The business capacity and enterprise of Col. Grimsley might well place him at the head of his profession in this, or any other country. His establishment on Main Street, in this city, in regard to both extent and arrangement, is unequalled by any thing of the kind that we have ever visited.
Here he gives constant employment to from sixty to seventy hands, and so complete is his supervision, that we have never heard of a bad job that was turned out from his establishment. And more than this, his enterprise is not limited to the building up of his own establishment merely, but acting upon the true principles of political economy, he delights to encourage his neighbors, and employs St. Louis mechanics to manufacture the stirrup irons, bridle bits, and other hardware used in his business. Such individuals well deserve the highest degree of prosperity that talent and industry can impart.
BLOW'S WHITE LEAD AND OIL FACTORY. The following statement in relation to this extensive and flourishing establishment, has been furnished by Mr. HENRY T. Blow, the enterprising proprietor.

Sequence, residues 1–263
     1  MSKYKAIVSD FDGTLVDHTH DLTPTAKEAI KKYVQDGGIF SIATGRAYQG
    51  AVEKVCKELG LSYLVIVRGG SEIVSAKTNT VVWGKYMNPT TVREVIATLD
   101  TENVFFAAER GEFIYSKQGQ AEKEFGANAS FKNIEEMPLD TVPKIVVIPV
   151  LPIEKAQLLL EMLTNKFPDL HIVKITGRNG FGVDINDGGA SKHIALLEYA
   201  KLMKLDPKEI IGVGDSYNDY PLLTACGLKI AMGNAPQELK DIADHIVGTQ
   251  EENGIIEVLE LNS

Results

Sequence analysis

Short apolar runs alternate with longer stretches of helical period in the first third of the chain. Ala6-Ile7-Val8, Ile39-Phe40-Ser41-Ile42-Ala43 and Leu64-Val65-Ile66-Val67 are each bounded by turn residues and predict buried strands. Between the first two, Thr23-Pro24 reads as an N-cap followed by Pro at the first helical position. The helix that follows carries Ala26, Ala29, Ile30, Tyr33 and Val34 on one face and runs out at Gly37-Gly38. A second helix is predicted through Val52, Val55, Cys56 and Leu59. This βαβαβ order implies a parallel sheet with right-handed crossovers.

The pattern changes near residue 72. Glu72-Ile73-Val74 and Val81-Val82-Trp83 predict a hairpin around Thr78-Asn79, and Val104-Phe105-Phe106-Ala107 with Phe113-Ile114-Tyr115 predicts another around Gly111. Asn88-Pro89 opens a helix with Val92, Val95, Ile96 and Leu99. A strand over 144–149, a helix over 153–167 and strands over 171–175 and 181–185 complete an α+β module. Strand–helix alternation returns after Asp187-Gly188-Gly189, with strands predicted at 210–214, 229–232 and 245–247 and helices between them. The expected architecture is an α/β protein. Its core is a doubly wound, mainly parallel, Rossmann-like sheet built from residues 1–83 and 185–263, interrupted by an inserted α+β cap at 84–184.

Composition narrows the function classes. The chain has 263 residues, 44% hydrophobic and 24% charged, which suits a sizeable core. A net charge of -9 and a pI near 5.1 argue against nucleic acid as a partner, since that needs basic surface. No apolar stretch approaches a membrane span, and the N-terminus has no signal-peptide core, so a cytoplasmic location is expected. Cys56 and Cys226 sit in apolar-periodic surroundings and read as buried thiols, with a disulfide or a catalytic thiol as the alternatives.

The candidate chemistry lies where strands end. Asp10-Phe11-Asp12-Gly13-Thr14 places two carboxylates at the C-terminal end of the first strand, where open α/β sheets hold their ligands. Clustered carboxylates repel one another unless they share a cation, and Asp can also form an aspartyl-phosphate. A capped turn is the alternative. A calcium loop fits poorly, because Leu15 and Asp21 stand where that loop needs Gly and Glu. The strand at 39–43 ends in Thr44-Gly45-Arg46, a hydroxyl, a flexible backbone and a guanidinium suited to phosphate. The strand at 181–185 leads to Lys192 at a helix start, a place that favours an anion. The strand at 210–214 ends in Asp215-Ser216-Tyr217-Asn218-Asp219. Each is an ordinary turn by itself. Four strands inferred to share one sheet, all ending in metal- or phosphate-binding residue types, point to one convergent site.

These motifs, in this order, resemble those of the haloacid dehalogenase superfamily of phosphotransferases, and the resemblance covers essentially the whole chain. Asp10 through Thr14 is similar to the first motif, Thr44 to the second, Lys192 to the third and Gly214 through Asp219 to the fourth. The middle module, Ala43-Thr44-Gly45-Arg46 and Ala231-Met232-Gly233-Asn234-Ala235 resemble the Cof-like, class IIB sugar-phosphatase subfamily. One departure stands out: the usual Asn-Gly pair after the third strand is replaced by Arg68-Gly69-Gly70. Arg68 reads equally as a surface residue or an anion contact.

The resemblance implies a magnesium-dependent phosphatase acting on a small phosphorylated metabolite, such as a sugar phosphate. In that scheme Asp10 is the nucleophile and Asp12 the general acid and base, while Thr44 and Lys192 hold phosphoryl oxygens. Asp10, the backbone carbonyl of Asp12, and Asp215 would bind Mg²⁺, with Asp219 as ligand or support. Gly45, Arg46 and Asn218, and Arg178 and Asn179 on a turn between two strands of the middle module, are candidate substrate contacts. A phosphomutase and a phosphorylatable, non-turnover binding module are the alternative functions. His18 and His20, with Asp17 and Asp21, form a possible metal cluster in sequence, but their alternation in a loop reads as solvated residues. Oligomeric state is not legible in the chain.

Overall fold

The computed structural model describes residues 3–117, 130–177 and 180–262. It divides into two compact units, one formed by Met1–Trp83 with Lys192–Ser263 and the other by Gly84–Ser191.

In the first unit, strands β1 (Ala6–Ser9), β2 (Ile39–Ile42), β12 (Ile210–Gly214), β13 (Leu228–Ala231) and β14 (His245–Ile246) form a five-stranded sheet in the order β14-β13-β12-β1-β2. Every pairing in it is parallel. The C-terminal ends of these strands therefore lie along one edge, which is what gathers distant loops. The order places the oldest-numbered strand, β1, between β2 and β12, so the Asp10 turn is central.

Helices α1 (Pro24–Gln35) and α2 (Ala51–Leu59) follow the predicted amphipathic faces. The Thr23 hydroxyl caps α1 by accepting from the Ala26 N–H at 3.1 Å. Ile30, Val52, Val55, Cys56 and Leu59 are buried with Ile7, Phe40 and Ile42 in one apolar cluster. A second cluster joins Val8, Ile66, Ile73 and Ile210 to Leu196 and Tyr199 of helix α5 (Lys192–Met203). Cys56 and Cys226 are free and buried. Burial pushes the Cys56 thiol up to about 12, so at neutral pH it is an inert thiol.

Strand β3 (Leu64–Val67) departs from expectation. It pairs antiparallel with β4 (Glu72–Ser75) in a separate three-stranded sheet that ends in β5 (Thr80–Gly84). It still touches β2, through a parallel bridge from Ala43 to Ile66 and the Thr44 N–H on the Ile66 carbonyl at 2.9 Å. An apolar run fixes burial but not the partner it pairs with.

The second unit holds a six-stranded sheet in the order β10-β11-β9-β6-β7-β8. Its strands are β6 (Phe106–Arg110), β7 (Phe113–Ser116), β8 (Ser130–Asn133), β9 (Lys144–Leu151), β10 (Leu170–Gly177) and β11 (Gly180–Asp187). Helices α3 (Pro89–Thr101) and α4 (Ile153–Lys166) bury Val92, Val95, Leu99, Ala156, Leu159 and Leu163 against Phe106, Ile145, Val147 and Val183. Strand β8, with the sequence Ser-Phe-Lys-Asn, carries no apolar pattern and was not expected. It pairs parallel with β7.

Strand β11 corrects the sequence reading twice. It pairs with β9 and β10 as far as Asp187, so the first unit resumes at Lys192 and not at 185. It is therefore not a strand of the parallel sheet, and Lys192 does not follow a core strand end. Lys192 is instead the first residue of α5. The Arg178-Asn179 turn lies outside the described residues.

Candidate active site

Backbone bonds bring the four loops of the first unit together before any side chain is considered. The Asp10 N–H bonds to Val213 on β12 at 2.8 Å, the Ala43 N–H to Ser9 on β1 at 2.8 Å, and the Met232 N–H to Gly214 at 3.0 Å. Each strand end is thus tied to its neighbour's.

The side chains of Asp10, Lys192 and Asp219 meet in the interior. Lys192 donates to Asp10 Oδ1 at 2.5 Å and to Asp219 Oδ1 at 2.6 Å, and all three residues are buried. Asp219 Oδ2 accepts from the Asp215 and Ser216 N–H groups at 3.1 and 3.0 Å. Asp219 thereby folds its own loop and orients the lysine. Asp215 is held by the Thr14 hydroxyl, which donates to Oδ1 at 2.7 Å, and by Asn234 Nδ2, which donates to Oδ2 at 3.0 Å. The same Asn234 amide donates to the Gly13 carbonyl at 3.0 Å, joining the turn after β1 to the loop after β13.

The establishment is situated at the corner of Clark Avenue and Tenth Street, and fronts on the latter one hundred and thirty-five feet.
The machinery is propelled by a steam engine of thirty horse power.
16,000 pigs of lead,
2,000 barrels of vinegar,
40,000 bushels of good coal. The establishment gives employment to sixty-five hands, and produces annually about 50,000 kegs of white lead, 4,000 barrels of oil, and 350 casks of red lead and lytharye, and pays for lahor, fuel and insurance, $22,000, and for stock generally, from $140,000 to $175,000.
The work at the establishment is carried on both day and night for six days in the week, and has seldom stopped for the last three years, except to repair accidents, and for the holydays. The oil and lead manufactured at this establishment is sold in almost every city in the Union.
“ The St. Louis Chemical Works” carried on by Mr. SAMUEL CUTHBERT, produced last year about 20,000 kegs of white lead, and has machinery and capacity of buildings sufficient to turn out, perhaps three times that quantity.
BREWERIES. This is a branch of business which has greatly increased within the last two or three years. We have now in the city sixteen breweries; which, according